At our Tauranga transport hub, we've just put up 100 kw system on that roof that was just installed finished three weeks ago. And new sites that we're constantly developing and constructing, we would look at a solar PV arrays, always in conjunction with the design.
Georgie Fenwicke 03:35
What are the important factors to take into account when you're considering a project like this?
Edward Creedy 03:42
When you look at something like this around feasibility, obviously there has to be sun. Temperature is an issue, whether you mount them it off the roof - a lot of people just mount them flat. There's a whole heap of factors that go into making sure that that's going to be achievable for our site. And that throws up another whole maintenance issue around it as well.
Georgie Fenwicke 04:00
Exactly which is why I was super fascinated. I talked to Paul about this last week because as soon as you get sort of weight on roofs, particularly so with coated steel, you've got to have the frame underneath to support it and then you've also got to be able to go on both clean the roof and clean the keep the panels as well.
Edward Creedy 04:21
So that is a driver why we use glass on glass. We don't use framed panels, okay, because your rain washing basically the first part of the panel to fail and when you look at feasibility, they will say to you this will last for 20 years.
Well, aluminium on a panel out in the sun in NZ weather will not last 20 years. That's just the reality. So the first part of the frame to fail will be your aluminium frame if you use that. You'll get water egress, you'll dirt collection on the panels because it has a frame etc. So we go glass on glass for that reason.
The trade off what that it's heavier so our structural design of the whole legs and it's mainly the purlins. So purlins are - don't know how much technical knowledge you all have - purlins are the galved connectors between the portal frames that the roof is screwed on for structure.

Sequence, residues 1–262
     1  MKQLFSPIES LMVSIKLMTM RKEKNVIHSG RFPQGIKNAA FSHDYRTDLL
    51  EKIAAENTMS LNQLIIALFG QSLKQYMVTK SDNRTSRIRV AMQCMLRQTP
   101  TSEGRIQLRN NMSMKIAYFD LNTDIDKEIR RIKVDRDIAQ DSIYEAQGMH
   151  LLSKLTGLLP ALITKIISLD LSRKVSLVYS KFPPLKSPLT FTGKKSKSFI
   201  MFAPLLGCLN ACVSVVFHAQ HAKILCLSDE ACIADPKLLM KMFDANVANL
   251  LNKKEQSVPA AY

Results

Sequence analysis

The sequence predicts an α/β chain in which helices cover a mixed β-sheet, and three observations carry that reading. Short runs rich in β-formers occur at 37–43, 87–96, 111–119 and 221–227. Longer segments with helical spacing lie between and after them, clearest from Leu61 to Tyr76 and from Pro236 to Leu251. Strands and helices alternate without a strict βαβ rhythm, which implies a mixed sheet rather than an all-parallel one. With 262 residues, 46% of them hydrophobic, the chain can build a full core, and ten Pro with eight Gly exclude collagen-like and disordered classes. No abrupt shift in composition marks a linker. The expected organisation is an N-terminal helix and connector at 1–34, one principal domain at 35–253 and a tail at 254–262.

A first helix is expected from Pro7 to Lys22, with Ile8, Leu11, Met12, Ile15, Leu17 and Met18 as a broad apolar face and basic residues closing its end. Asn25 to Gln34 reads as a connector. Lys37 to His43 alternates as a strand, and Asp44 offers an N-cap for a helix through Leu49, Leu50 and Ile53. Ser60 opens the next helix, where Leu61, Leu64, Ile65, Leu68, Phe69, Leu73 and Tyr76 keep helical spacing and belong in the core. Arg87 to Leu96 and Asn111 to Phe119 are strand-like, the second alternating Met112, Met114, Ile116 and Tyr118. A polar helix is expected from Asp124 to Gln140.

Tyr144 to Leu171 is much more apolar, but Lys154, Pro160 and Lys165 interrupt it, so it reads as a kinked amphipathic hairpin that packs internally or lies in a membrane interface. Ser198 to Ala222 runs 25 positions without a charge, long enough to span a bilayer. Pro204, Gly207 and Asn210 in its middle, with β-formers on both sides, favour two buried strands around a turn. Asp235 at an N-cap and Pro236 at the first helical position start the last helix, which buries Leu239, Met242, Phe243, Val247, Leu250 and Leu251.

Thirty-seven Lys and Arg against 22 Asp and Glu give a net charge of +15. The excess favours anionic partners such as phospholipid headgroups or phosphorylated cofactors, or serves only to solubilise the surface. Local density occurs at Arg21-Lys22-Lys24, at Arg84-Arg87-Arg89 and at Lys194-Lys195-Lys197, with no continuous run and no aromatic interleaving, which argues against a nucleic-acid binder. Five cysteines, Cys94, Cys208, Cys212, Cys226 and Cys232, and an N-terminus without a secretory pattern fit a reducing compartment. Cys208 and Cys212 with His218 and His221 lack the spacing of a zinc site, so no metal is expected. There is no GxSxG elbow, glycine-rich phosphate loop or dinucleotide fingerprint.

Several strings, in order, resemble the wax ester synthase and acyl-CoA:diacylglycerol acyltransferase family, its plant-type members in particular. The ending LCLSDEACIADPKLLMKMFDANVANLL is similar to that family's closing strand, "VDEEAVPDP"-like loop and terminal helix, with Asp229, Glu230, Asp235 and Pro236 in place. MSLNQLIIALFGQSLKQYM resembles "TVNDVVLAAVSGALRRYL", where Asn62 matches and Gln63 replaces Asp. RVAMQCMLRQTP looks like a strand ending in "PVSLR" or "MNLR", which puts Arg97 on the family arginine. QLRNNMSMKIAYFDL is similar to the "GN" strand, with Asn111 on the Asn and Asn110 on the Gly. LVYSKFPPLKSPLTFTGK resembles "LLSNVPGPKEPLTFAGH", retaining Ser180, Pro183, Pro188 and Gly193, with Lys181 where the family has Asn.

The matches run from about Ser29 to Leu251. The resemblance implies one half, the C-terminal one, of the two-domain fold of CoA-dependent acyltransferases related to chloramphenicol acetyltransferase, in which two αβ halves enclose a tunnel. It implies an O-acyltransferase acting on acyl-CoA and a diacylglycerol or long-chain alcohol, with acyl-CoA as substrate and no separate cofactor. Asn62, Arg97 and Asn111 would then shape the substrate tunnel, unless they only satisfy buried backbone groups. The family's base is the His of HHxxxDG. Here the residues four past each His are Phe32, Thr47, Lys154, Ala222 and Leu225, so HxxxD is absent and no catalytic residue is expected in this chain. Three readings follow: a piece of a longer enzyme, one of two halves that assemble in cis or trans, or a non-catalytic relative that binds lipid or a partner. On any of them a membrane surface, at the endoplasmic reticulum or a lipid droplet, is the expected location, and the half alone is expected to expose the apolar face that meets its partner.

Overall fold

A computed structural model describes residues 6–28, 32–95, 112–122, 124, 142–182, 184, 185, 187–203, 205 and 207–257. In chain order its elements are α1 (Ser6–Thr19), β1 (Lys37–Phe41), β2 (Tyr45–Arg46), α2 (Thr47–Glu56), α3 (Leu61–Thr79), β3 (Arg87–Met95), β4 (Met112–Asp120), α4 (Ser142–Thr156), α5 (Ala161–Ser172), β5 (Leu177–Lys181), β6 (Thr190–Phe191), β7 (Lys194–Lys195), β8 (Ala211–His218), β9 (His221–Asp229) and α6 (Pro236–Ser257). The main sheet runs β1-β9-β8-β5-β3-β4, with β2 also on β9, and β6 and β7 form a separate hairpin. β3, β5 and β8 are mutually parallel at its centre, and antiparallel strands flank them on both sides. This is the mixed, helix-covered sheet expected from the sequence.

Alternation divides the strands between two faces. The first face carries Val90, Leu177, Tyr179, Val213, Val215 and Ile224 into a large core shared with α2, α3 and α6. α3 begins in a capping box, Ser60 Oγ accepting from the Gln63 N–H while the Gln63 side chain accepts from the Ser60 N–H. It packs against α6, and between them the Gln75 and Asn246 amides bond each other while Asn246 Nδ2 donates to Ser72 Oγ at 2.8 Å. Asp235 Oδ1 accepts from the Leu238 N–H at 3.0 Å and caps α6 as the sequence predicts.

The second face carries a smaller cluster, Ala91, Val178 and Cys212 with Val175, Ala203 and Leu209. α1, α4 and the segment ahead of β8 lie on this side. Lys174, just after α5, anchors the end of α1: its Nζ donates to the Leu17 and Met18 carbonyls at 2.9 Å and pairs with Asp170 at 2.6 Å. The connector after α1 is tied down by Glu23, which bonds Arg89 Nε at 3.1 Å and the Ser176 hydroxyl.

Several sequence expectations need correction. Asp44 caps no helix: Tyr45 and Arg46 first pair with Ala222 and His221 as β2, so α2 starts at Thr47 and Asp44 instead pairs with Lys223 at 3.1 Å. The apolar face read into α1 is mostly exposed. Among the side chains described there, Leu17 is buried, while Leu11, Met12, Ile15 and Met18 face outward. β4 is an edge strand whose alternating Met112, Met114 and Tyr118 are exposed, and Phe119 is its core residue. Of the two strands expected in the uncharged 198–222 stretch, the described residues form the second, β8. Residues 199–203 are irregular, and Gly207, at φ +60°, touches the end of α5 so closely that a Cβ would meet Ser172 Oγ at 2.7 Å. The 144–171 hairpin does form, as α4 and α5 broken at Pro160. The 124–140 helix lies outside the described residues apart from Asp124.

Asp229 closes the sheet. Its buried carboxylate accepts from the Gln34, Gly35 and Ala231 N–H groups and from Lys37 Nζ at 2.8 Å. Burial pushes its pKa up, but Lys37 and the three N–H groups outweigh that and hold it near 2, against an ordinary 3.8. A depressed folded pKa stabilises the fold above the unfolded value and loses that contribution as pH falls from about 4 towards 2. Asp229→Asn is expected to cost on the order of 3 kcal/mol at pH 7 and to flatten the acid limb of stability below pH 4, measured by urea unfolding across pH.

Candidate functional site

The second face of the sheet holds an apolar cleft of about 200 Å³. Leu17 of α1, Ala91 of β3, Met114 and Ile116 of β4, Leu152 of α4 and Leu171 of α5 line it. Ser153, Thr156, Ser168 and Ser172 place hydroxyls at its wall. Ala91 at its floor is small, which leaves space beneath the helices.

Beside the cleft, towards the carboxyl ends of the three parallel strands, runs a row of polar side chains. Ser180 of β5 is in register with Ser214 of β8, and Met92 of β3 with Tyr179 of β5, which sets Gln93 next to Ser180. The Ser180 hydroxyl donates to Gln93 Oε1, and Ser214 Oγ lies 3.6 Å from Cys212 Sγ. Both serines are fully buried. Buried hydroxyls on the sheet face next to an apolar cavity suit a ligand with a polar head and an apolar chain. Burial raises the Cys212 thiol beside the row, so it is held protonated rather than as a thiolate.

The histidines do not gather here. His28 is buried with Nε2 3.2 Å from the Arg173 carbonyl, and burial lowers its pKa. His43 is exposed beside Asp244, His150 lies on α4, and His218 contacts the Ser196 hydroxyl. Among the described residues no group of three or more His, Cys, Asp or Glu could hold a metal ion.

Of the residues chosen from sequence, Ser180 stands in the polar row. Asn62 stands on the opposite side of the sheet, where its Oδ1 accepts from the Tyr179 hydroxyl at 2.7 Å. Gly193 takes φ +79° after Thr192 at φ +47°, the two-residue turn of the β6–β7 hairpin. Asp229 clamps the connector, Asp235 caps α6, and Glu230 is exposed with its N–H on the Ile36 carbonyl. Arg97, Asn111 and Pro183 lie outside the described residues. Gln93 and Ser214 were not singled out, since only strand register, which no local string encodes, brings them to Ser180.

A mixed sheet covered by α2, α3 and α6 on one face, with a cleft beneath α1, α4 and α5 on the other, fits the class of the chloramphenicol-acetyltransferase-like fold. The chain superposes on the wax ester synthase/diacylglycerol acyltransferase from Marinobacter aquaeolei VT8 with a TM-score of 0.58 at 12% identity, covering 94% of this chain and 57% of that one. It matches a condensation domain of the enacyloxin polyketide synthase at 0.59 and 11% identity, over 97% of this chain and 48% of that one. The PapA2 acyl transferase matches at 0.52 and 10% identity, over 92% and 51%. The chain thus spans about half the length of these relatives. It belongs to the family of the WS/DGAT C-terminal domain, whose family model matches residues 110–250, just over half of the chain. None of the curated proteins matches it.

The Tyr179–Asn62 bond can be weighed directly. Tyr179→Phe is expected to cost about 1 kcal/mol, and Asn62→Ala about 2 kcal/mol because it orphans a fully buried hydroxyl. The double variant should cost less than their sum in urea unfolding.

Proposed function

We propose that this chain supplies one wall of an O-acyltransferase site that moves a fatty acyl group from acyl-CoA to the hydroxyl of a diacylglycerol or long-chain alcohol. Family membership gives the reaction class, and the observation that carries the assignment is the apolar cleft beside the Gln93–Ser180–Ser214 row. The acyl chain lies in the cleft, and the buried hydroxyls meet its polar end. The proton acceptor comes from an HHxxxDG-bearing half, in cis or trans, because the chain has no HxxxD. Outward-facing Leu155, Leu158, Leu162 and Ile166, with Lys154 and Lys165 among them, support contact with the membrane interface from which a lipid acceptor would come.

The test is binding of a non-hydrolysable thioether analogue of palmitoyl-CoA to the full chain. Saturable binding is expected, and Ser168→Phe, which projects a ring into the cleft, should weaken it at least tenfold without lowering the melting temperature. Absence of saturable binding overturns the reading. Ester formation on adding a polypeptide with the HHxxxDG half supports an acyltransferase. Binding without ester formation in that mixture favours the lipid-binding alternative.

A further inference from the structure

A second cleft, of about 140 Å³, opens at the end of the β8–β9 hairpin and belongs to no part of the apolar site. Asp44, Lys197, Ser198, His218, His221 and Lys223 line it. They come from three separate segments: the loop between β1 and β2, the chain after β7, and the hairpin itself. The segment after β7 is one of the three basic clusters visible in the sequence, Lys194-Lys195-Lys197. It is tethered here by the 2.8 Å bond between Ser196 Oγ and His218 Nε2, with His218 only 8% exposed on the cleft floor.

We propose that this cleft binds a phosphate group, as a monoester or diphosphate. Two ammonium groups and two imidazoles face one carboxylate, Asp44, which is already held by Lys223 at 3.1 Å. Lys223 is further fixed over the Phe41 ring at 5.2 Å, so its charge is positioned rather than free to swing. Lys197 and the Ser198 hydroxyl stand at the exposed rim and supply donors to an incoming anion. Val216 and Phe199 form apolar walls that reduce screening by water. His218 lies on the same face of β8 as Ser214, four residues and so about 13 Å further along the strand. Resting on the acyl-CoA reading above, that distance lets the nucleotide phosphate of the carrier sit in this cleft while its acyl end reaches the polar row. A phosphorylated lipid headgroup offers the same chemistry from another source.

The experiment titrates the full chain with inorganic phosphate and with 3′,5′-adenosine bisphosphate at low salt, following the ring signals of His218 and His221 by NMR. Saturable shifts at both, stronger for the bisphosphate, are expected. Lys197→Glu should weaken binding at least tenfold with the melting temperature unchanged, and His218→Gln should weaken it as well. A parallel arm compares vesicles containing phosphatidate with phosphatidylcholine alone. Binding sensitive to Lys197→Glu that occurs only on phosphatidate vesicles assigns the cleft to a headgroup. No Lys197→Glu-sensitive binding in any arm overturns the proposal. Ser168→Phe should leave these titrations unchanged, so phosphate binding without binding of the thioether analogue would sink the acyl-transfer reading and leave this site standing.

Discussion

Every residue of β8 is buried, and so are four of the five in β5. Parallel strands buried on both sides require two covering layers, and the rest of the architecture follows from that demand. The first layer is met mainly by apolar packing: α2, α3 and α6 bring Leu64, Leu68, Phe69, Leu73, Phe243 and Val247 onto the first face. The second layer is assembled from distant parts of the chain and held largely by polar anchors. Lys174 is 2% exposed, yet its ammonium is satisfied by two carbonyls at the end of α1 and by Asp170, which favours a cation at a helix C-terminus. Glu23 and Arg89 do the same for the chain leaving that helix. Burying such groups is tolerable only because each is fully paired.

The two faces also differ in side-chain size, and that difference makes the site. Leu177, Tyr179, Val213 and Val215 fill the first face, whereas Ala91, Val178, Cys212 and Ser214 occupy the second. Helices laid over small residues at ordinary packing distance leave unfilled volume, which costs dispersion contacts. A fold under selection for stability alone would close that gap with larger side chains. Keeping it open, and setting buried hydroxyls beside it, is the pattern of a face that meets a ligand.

Georgie Fenwicke 05:09
Well, you can clip them on, as Paul was telling me about last week, but most screwed.
Edward Creedy 05:13
Yeah, wasn't sure. He was probably talking about the channel as well. So with those purlins, you either have to increase the number of them to cater for the weight and spread of it. And that's all trade offs and design factors that we deal with.
So those are some of our drivers on why we've gone this way. The other factors is we use monocrystalline panels, so it's a higher silicon content that are more efficient, so they generate DC power out of the sunlight.
Georgie Fenwicke 05:44
It's been awesome chatting to Edward from Mainfreight, we discussed a few other key things to consider about solar installations:
1. Mounting systems - aluminium frames can wear out faster than using glass on glass.
2. Screws cause leaks - the fewer you can use, the better to look after your roof.
3. Mounting angles - 10 degrees is optimal in Auckland, but it depends on where you are in the world and the angle to the sun.
4. Panel strings are like fairy lights. If one goes, they all go, but specialist systems can notify you if this happens. But there's a cost element to consider in these
5. Shading from buildings or trees has a negative impact on generation. But Tigo Energy optimizers can be fitted to panels to turn them on and off when shading is an issue.
We'd like to thank Edward Creedy from Mainfreight for his time.
This series is Deconstructing Industrial - a series that breaks down building components so that we know what to do to look after them.